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Monday, July 09, 2018

featuring the very best of americana, and roots music
July 8, 2018
Scott Foley, purveyor of dust

If Pixar is looking for a heartfelt ballad to launch their next movie over the top, they might want to check with Adam Wright about the selling price for "Born to Dream".  Inspired by his own children, the track might have been sweet-overload if it weren't so wise and beautiful.  Truth is, song after song this solo CD from one-half of The Wrights comes across as too good to be true.  Wright invests so much melodicism and genuine heart into his music and lyrics that, no matter your opinion about folk-leaning country, you're rooting for the guy as the album progresses.

Aside from his work with The Wrights, Adam has penned tracks for an army of Nashville luminaries, including Garth Brooks, Alan Jackson, Lee Ann Womack and more.  Wright served as cowriter and accompanist to Womack on last year's superb The Lonely the Lonesome & the Gone.  She returns the favor with a haunting duet on "From My Bough". Assuming the form of a traditional folksong, the song speaks achingly from the perspective of a tree that bends beneath the burden of having supported the bodies of lynchings:  Cut them loose and chop me down / And hang no more murder from my bough.  A similar foreboding holds sway over "Dark Life" as well, another song that grows around the figure of a tree.  The carefully constructed orchestration that groans and lurches recalls Joe Henry, as does Wright's capable delivery.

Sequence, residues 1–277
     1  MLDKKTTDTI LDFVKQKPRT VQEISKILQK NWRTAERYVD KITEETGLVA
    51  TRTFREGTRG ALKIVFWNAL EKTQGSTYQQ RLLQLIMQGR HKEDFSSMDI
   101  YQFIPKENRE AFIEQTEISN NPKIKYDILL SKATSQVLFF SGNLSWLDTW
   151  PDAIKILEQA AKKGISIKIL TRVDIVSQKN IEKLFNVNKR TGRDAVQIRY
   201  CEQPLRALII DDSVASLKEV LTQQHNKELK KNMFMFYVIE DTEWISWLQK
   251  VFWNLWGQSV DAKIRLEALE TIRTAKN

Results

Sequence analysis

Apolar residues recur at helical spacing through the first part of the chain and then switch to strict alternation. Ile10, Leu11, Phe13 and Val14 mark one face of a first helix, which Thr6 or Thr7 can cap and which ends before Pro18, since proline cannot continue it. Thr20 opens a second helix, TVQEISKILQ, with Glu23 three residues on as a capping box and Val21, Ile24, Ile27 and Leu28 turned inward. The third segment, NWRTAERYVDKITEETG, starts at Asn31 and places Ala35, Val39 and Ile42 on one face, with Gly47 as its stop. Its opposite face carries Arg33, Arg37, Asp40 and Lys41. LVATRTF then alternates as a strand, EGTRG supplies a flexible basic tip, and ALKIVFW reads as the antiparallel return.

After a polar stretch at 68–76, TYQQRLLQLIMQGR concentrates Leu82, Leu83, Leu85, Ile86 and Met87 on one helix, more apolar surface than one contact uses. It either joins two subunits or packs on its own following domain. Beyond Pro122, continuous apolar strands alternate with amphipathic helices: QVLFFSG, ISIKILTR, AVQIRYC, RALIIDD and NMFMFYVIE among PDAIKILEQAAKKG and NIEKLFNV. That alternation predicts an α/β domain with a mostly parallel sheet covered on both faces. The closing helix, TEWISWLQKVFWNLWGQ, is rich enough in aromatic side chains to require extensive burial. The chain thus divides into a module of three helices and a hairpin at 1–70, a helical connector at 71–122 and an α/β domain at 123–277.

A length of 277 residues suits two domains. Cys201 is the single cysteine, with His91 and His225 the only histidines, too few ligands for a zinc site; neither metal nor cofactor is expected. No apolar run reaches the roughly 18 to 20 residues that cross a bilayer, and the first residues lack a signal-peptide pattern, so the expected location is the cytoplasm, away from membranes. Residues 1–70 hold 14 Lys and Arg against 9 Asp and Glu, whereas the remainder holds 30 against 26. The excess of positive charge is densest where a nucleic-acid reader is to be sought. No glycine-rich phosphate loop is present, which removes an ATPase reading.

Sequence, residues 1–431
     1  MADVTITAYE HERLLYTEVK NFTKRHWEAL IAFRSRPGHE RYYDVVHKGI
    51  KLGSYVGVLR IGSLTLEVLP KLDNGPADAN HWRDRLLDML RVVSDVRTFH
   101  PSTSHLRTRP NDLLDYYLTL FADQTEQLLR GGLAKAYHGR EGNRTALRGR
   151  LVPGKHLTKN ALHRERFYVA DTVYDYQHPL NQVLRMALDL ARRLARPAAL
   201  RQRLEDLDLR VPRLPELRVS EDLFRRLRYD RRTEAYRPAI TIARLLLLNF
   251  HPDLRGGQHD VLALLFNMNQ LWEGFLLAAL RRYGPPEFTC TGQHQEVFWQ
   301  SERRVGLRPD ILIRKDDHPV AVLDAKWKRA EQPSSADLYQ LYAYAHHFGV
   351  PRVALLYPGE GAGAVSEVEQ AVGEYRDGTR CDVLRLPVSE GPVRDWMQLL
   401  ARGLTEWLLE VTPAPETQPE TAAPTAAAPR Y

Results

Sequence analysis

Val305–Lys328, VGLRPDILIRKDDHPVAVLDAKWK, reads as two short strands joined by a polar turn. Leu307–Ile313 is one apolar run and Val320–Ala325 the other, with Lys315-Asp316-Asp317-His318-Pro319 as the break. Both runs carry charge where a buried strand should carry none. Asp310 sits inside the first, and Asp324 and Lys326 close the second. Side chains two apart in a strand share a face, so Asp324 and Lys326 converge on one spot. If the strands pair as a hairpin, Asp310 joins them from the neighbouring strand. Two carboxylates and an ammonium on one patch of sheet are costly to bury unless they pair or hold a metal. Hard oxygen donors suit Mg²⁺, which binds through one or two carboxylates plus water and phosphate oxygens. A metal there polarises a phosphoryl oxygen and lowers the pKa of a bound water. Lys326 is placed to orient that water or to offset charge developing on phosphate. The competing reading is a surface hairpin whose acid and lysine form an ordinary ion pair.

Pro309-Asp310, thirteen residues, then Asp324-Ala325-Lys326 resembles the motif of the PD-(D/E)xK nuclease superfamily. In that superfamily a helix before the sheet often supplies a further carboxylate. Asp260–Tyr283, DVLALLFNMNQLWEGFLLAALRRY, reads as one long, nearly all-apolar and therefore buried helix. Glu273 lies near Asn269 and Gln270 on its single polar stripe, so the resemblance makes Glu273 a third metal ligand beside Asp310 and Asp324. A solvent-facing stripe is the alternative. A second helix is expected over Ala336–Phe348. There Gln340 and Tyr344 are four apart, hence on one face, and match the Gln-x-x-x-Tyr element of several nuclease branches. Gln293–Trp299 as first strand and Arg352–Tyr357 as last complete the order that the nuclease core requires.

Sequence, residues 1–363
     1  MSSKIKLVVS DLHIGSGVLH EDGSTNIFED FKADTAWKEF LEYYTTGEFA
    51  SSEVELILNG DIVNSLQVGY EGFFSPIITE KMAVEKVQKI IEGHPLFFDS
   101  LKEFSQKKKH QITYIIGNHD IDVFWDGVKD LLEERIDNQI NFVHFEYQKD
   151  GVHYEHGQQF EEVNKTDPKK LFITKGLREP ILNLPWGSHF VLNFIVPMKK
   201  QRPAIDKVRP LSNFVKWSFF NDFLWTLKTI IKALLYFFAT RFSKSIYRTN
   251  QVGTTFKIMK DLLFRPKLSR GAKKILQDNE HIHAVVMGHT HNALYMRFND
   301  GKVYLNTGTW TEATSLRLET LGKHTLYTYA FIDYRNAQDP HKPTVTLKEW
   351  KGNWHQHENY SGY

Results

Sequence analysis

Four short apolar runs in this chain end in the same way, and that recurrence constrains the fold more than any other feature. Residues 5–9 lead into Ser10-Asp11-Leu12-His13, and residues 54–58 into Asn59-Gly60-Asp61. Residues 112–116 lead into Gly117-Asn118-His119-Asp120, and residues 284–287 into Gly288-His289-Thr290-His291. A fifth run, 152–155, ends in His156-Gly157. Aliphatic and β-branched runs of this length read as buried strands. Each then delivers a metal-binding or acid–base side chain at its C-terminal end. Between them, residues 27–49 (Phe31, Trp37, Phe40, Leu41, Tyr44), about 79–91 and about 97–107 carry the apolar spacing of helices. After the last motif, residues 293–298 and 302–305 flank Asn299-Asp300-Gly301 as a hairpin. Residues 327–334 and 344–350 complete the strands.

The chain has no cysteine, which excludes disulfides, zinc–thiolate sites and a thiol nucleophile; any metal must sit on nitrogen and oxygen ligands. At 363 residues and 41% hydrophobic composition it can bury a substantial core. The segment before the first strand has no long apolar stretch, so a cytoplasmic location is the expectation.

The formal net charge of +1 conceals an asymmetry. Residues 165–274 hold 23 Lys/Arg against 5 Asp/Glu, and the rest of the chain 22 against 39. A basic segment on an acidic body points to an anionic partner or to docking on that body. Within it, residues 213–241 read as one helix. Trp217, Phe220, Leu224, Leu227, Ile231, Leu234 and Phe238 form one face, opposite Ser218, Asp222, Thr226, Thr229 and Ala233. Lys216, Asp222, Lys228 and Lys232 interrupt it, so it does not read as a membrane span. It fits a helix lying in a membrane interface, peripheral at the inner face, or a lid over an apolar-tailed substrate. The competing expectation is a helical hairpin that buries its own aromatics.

The title cut celebrates the gift of Wright as a lyricist, with a story about Money, Muscle and Mercy, three broken souls keeping one another afloat:  Like dust in the light / We fall and we fly / And we shine in spite of ourselves.  Wright's record speaks primarily in acoustic tones, with an occasional undertone of grit.  The abiding edge becomes more evident with repeated listening, partially hidden between the folds of these seemingly gentle songs.

"Ruby" rides in on a Southwestern vibe, recalling Townes Van Zandt in his earlier days, made all the more tragically lovely with a smattering of Espanol and some filigreed guitar:  She entered the saddle in the dust of El Paso / Fastened her lasso to the bull they call life.  In a somewhat similar vein, "Dirt Poor" drags things back closer to home, bumping along on the syncopations of a Western noir, an unflinching tale of abuse and revenge:  I used to think about Jesus / Tried to be more like he was / Turning the other cheek just got me another welt.  See also "Billy Get Your Bike", a chilling cautionary tale worthy of a Cormac McCarthy short story.

Even amidst these shadows, there's a warm beating heart to Dust.  The aforementioned "Born to Dream" is tame as a lullaby but shot through with wisdom:  There ain't a pie in the sky I ain't tried a slice of / A dream in a pipe I've passed up a puff of / And I've wished on every fallen star I've seen / There ain't a longshot I wouldn't bet it all on / And a whole lot of times it's gone all wrong / But oh well, I was born to dream.  "War of No One Cares" portrays the fleeting church encounter between a pair of life's survivors:  He settled in a couple rows behind her / And he breathed out all of his air / When he recognized the scars of a fellow purple heart / In the war of no one cares.  It's a masterful moment, with a light touch of strings adding to the crushingly melancholy spirit of the piece.  From his voice to his recognition of a melodically appropriate gesture, Wright recalls a more melancholy Ron Sexsmith.